Florida Forest Service
PO Drawer 849
Chiefland, FL 32644-0849
Dothan, AL - Wiregrass. The name seems to be everywhere you look, but where did it come from?
“I knew it stemmed from a grass that grew here. I think it stands in Florida, Georgia, and Alabama,” said Jansen Tidmore, Dothan.
You got it, but even he doesn’t know what it looks like.
“Wiregrass is a bunch type grass. It would grow underneath the canopy of pines. Pines and wiregrass were native to the area,” said Wiregrass Research and Extension Center Director Larry Wells.
“Wildfires at one time were very common in the Wiregrass region. What would happen naturally there were wildfires that would burn for miles and miles. And what that did was only certain plants and animals would survive that fire. Wiregrass being one of them,” said Landmark Park Executive Director William Holman.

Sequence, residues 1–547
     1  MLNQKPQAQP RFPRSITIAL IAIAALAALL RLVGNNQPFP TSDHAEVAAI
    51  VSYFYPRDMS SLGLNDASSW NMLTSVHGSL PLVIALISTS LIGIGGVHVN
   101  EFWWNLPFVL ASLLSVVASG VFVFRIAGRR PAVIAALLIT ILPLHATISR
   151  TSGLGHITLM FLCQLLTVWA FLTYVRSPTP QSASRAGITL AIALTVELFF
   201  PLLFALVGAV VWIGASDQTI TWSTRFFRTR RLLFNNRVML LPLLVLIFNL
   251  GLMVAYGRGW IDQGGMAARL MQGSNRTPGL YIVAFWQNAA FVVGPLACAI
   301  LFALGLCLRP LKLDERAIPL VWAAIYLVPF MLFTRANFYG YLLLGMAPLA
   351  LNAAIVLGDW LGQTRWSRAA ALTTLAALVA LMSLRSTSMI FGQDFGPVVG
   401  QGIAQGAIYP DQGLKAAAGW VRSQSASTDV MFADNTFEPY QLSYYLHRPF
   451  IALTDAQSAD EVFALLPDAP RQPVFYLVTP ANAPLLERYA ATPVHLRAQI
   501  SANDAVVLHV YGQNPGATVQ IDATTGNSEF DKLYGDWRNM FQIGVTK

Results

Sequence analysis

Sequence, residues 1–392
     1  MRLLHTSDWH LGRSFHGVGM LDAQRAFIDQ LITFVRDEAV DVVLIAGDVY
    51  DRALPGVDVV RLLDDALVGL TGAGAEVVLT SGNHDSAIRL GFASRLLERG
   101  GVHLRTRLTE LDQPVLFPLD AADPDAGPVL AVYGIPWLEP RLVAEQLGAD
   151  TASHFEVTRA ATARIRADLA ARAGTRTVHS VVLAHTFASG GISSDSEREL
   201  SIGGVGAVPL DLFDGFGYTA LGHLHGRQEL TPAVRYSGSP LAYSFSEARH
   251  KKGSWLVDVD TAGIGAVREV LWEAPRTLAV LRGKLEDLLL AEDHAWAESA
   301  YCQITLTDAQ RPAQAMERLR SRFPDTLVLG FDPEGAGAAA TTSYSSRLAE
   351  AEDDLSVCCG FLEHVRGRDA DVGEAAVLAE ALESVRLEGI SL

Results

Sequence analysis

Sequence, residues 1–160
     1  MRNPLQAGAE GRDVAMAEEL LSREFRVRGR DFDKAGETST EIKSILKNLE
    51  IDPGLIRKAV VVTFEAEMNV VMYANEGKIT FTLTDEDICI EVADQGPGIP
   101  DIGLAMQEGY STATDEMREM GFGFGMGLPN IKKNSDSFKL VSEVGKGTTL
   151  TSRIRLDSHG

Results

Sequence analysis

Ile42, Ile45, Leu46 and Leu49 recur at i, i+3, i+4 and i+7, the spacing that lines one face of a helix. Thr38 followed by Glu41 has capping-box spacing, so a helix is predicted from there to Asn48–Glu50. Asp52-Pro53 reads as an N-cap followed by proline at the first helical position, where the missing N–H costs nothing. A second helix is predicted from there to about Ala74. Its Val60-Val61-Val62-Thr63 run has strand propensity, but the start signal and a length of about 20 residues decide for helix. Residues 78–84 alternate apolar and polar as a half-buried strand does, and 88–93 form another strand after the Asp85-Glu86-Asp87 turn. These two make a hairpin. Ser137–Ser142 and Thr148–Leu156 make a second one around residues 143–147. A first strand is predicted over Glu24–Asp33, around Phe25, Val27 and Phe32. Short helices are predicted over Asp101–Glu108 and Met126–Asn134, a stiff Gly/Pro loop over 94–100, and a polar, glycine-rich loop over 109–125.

While the name stuck, the plant didn't.
The longleaf pines and wiregrass couldn’t survive the settlers. After cutting down trees and cultivating the land, the wiregrass's habitat disappeared.
These days it's hard to find the wiregrass in “The Wiregrass”, but if you take a trip to Landmark Park you can get a glimpse of our namesake.
“This wiregrass was planted here at the park. It won’t reproduce without the fire. But it will continue to grow,” said Holman.
As it continues growing so does the feeling many residents have for the Wiregrass.
“Friends and family. Different restaurants you can walk in here in town and everybody know who you are,” said Elizabeth Zeluski, Dothan.
“I grew up here. So I know a lot of people even though things have changed,” said Henry Dozier, Dothan.
“To me the wiregrass really means farming,” said Wells.
“Wiregrass is home. It’s full and bustling and hopefully progressing and moving forward.”
Landmark park leaders hope someday to recreate that habitat with acres of longleaf pines with wiregrass growing beneath.
If you are interested in creating your own habitat, you can contact the Andrews Nursery.